Yes, horrible title. If you still kept reading, I'll forgive its existence and express my thanks. Before proceeding, please read the disclaimer at the bottom of the page. If you continue on without doing so, it basically says that I'm not recommending any product or practice and you're responsible for what you do or do not do.
Anyway, I've never met a dermatologist who was a fan of botanical skin care. My first dermatologist was pretty open-minded after decades of practicing and he was fond of telling me that if it worked and didn't do any harm, then why not? But, that was about where his opinion ended. I always took his advice, but as I got older I tried new things.
The big awakening that my skin-care regimen could not remain static occurred when I was 21. After every shower I would break out everywhere. My face and neck were the worst, but it wasn't limited to that area. I thought my shampoo and conditioner were the culprits, which seemed strange because I was using CliniDerm at the time. It's pretty safe stuff. After two weeks of eliminating my shampoo, conditioner, soap and even the water, I realized it was the Vaseline I slathered all over myself after each shower. My dermatologist was shocked as he'd never heard of such a thing. Convinced it was something used to bleach commercial Vaseline he gave me samples of unbleached petroleum jelly. I still reacted. So, he pronounced me allergic to petroleum and I moved on. Since then, I stay away from Vaseline, GlaxalBase and anything related to petroleum.
Around the same time, Phisoderm switched to making products for the acne market, with no warning, which left me suddenly high and dry regarding a skin cleanser since I can't go near Ivory or Dove. As pure as they say they are, they're full of chemicals just so your tub doesn't accumulate soap scum.
So I had to rethink my skin care strategy and I started with Kiss My Face Olive Oil Bar soaps. Since then, I've used botanical products from companies like Kiss My Face, Avalon Organics and Eminence Organics.
I've had doctors since then tell me that I can't possibly be allergic to things like Dove ("But, it's not soap!") or Vaseline, but the indisputable fact remains that I am and can prove it (not that I have any urge to do so ever again). I've also read a lot of articles written by medical experts which say to stay away from botanicals (lavender, rose, etc.) because they can sensitize the skin and cause more reactions. Seems to me that's exactly what happened to me after using Vaseline for 21 years.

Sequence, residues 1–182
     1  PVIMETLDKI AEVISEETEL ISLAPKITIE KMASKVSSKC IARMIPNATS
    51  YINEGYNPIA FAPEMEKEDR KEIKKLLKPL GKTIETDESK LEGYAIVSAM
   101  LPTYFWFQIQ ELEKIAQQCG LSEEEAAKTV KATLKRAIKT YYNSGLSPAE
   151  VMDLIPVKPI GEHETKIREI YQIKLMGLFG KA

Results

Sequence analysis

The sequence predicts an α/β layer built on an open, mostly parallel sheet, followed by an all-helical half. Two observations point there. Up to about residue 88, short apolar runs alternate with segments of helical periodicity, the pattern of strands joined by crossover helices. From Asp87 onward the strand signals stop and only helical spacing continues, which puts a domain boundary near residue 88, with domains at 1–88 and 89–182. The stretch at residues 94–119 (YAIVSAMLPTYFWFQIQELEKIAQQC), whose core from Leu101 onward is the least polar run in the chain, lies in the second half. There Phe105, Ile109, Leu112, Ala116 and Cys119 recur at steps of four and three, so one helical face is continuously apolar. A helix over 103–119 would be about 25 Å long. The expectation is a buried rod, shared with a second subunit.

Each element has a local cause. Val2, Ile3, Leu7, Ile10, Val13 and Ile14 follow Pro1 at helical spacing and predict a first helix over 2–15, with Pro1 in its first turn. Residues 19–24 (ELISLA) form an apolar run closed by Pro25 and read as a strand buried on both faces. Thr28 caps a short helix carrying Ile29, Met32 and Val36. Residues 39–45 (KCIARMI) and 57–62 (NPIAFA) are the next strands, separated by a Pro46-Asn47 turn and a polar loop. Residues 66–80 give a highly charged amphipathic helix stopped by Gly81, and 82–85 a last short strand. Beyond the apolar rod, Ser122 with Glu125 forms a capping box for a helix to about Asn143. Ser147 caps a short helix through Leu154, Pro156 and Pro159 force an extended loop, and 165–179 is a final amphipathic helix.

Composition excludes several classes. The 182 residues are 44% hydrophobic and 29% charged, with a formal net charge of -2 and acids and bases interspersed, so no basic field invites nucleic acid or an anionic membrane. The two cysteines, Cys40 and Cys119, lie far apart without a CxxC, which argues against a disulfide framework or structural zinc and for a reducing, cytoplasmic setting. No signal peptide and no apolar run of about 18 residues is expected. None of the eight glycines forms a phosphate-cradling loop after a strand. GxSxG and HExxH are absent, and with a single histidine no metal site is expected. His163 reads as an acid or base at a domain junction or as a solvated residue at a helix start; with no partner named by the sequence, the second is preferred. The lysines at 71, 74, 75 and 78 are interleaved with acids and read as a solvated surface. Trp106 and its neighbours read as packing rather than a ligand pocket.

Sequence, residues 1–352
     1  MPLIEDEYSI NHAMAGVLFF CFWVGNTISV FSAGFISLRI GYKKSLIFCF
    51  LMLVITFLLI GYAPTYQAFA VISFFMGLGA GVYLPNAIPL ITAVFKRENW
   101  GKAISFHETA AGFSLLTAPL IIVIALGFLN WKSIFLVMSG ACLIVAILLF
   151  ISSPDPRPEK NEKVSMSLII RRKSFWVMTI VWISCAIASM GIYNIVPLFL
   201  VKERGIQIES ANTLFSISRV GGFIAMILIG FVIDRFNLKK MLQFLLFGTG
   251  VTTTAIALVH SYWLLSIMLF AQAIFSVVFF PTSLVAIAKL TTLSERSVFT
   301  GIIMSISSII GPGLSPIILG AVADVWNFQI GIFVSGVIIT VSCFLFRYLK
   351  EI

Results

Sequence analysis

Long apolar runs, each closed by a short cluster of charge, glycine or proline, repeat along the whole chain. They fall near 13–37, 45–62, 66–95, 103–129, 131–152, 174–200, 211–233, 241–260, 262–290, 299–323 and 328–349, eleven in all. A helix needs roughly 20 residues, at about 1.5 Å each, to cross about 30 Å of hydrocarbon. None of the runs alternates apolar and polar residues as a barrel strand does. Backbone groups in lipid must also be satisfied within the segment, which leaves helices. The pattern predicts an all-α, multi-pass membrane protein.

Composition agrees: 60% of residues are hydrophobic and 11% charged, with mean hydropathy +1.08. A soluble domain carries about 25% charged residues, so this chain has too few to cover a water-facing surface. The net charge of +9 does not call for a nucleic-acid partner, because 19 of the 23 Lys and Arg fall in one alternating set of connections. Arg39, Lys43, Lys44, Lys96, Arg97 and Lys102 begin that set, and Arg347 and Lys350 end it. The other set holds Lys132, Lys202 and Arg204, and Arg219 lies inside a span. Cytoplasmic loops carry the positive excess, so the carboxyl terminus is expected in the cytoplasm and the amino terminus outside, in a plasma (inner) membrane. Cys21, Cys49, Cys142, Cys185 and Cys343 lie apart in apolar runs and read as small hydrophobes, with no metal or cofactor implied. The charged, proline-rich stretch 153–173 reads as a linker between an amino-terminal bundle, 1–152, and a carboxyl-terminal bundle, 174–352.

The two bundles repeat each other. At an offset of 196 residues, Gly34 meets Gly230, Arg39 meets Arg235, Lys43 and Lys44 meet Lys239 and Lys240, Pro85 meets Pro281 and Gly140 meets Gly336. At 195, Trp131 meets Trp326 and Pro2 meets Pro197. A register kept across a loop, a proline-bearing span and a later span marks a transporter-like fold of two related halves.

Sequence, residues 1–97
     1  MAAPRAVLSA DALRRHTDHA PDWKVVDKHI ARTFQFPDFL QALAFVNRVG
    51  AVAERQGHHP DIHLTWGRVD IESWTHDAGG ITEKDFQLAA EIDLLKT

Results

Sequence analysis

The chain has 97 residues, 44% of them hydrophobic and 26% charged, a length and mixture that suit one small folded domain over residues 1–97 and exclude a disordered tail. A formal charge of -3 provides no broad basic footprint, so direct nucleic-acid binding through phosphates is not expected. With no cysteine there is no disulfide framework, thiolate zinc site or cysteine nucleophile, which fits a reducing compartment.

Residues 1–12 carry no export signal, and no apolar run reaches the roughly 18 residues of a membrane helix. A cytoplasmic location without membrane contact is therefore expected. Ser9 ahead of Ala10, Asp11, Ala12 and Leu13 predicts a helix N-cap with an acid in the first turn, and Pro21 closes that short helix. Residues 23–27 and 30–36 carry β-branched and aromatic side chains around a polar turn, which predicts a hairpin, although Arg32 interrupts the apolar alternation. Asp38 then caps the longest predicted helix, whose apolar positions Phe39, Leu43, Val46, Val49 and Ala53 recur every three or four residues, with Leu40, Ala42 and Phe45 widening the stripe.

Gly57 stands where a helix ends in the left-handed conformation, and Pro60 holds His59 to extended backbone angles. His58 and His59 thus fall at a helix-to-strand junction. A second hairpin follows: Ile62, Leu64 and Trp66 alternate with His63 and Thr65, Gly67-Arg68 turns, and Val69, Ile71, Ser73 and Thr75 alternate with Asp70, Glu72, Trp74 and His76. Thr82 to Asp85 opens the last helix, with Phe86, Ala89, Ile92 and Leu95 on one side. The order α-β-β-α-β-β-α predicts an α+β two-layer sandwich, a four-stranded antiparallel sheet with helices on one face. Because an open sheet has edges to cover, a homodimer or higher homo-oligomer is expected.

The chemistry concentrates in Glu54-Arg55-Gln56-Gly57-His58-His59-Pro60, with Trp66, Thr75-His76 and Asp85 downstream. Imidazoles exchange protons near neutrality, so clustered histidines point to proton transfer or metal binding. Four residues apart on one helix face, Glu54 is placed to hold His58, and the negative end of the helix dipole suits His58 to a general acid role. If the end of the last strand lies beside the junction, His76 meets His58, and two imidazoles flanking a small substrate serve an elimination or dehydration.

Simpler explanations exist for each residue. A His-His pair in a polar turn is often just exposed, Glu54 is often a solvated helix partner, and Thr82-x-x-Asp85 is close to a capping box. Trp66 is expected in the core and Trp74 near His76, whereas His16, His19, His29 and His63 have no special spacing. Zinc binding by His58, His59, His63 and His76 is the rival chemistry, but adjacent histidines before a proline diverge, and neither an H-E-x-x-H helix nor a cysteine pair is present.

Well, here's the thing. The whole "natural is good and artificial is bad" argument is just a silly as the "natural is ineffective and science is your only hope" argument. It's all too black and white.
Arsenic occurs naturally. So does a host of lethal bacteria. Eggs and cashews are pretty damn natural, too, but at the very least I'll end up in a hospital bed hooked to an I.V., if not dead. Hey, guess what? Petroleum is natural, too. Vaseline's claims to having a "natural" product crack me up to no end. Cue the eye rolling.
Natural isn't the be all and end all, but neither is stuff cranked out from a lab. DDT, Agent Orange - brought to you by the very smart people of some lab who thought they were helping out mankind.
There is a happy medium. I've found lavender to be very soothing for my skin, but of course, if I were allergic to it, I wouldn't. Despite my love of the smell, I stay away from products with peppermint oil because peppermint is an irritant (I really wish companies would stop using it in everything). When I have really rashy spots, I use a corticosteroid cream because the "natural" eczema cream I bought last year doesn't do anything except for make me smell kind of nice, though it's a great moisturizer.
A couple of years ago, I had a horrible rash on both ankles for over six months. First, I eliminated everything I thought could possibly have caused it, but no luck. Then, I went the scientific/medically-approved route and absolutely nothing happened - corticosteroids were powerless against this rash. So, I tried a wrap of Swedish Bitters for a few weeks. One ankle completely cleared up, but the other didn't. So, I soaked the other ankle in a hot bath of neem leaves for another few weeks, every single night. And that cleared up the other ankle. At the end of it all, who can say what worked? The vodka used to make the Swedish Bitters? The act of bathing my ankle in the hot water in which I'd steeped the neem leaves? I haven't the foggiest - I am not a scientist and it was anything but a medical trial - but it worked and it did no harm.
When I try new things, I'm not stupid about it. I don't use Dove, even though I have a doctor who tells me to. I don't use Vaseline even though the entire medical community seems to think it an innocuous substance (and I always have to do a bit of convincing when I meet a new doctor). I also don't buy into "natural" eczema cures (there is no cure), nor do I hold any stock in homeopathy. As a child I went through years of it (like all parents, mine were desperate for a cure) and even then I found it illogical.
Like a lot of things in my life - politics, values, beliefs - I've found a happy medium and I hope others can, too. Your body is yours, and yours alone; so, what works for you is what works. End of atopic story.
If this post has made you start thinking, here are some links to help you get started. As with all things, please have an educated discussion with your doctor before trying anything new and read my disclaimer at the bottom of the page. The links tend to skew towards an anti-botanical view since I don't use sites that make claims of cures or are anti-pharmaceutical.